Contrary to popular beliefs, plastic is by no means close to a single material. Rather, it is a combination of many materials (polymers) with different chemical compounds and additives such as pigments or fibers, depending on its use. It is very difficult to tell the difference between different types of plastics, and this is what makes it difficult to separate and recycle them.
Together with Vestforbrænding, Dansk Affaldsminimering Aps and PLASTIX, researchers from the Department of Biological and Chemical Engineering at Aarhus University have now developed a new camera technology that can see the difference between 12 different types of plastics (PE, PP , PET, PS, PVC, PVDF, POM, PEEK, ABS, PMMA, PC and PA12). Together, they make up the vast majority of types of household plastics.
The technology allows plastics to be separated on the basis of a purer chemical composition than is possible today, and this opens up whole new opportunities for recycling plastics. The technology has been pilot tested and is expected to be implemented at PLASTIX and Dansk Affaldsminimering Aps in spring 2022.
“With this technology, we can now see the difference between all types of consumer plastics and several high-performance plastics. We can even see the difference between plastics that are made up of the same chemical building blocks, but are structured slightly differently. . We use hyperspectral camera in the infrared domain, and machine learning to analyze and categorize the type of plastic directly on the conveyor belt. The plastic can then be separated into different types. This is a breakthrough that will have a huge impact on separation of all plastics, ”says associate professor Mogens Hinge, who heads the project at Aarhus University.
The study was published in the scientific journal Vibrational spectroscopy.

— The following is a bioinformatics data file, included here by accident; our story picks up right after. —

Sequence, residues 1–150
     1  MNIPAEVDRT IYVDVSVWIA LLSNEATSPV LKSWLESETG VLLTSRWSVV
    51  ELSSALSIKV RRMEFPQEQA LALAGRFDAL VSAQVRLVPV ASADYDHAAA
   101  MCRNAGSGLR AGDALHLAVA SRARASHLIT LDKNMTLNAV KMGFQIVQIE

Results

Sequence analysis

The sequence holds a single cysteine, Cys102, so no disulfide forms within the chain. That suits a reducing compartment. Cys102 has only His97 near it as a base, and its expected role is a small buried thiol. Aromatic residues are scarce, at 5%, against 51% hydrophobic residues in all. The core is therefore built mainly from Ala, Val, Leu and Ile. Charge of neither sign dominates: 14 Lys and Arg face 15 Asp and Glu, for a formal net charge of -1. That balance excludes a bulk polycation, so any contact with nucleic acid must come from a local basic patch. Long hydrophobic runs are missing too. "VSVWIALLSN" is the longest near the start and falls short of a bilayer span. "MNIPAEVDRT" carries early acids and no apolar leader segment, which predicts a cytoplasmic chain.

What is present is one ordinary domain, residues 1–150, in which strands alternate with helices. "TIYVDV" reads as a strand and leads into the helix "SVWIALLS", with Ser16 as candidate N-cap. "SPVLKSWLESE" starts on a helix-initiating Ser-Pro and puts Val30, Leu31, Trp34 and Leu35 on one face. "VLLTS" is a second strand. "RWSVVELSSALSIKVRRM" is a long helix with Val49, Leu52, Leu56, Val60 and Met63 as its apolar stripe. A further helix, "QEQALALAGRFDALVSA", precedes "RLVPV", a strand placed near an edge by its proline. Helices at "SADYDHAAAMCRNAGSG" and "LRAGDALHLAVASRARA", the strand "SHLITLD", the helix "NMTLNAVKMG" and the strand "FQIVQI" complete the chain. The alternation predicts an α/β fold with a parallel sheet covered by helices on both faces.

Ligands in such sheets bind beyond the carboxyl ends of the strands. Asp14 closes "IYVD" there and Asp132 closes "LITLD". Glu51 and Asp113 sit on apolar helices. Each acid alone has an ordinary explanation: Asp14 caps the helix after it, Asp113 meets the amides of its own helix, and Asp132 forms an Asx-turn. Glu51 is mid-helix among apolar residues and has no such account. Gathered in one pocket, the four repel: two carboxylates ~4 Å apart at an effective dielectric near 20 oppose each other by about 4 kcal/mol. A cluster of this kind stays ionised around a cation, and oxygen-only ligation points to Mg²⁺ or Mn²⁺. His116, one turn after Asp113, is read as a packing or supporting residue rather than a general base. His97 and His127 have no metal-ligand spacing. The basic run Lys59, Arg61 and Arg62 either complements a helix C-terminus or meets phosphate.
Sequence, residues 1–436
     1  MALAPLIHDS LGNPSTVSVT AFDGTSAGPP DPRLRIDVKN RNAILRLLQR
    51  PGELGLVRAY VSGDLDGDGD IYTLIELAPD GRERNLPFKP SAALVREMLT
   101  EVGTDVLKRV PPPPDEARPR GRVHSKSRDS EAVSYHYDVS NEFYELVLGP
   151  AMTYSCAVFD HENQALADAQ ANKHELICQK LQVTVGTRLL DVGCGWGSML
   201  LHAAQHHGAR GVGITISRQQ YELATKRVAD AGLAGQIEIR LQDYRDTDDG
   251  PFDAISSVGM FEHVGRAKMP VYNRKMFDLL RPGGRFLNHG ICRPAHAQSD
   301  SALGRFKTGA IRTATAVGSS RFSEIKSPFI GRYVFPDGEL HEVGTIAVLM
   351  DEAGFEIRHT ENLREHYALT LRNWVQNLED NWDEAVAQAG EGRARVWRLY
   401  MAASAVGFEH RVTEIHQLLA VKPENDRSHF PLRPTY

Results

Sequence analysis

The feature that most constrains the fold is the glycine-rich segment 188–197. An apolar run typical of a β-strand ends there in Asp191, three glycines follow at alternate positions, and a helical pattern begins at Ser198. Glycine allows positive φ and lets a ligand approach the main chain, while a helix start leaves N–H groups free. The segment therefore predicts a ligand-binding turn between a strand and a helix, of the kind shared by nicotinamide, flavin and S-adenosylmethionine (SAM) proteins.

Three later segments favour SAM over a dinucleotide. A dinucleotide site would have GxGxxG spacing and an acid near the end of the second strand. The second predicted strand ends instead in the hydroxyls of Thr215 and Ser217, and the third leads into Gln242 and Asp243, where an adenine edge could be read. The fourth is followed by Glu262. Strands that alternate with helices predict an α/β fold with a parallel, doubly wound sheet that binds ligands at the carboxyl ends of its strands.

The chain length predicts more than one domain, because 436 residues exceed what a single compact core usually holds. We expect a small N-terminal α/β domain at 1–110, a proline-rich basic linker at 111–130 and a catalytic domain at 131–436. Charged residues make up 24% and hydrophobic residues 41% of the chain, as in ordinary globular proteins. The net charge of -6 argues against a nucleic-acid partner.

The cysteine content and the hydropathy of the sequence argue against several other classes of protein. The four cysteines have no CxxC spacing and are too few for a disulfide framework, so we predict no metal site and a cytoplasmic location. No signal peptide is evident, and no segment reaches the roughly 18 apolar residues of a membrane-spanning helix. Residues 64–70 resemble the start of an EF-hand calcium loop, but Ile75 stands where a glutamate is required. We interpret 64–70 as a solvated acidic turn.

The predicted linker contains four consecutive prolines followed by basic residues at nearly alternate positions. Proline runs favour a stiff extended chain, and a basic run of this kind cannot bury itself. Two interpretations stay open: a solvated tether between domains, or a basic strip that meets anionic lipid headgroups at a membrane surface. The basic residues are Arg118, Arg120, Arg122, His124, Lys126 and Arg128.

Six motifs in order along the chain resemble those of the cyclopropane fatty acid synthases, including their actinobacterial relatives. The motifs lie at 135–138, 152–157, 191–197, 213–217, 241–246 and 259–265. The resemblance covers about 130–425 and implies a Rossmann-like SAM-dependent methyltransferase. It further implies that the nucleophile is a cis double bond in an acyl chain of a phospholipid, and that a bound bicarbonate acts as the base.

Plastics are currently separated using near infrared (NIR) technology or through density testing (floats / sinks in water). These methods make it possible to separate certain plastic fractions (for example PE, PP and PET), but not with the same precision as the new technology, and therefore not with the chemical purity of the composition, which is vital in order to be able to increase the rate of recycling of plastic waste.
“The technology we have developed in collaboration with the university is nothing less than a breakthrough in our ability to recycle plastics. We look forward to installing the technology in our processing hall and seriously starting the long journey to 100% waste utilization. plastic ”, says Hans Axel Kristensen, CEO of PLASTIX.
Plastic must be at least 96% pure by polymer type to be recycled in conventional industry. This means that the plastic must be separated into an almost pure product in terms of chemical composition.
Thanks to the new technology, we have now taken an important step forward, says Associate Professor Mogens Hinge, who points out that the technology is constantly evolving and the data indicates that it may be possible to differentiate even more between types of polymers. and additives before long.
The hyperspectral camera technology was developed in an interdisciplinary collaboration, with BSc and MSc engineering students and researchers from the Department of Biological and Chemical Engineering at Aarhus University, as well as experts from the participating companies.
The research is part of the Re-Plast project, which is funded by the Innovation Fund Denmark with DKK 22.7 million. The project is led by the Department of Biological and Chemical Engineering at Aarhus University. The other participants are the Department of Electrical and Computer Engineering at Aarhus University, Vestforbrænding, Dansk Affaldsminimering and PLASTIX.
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Material provided by Aarhus University. Original written by Jesper Bruun. Note: Content can be changed for style and length.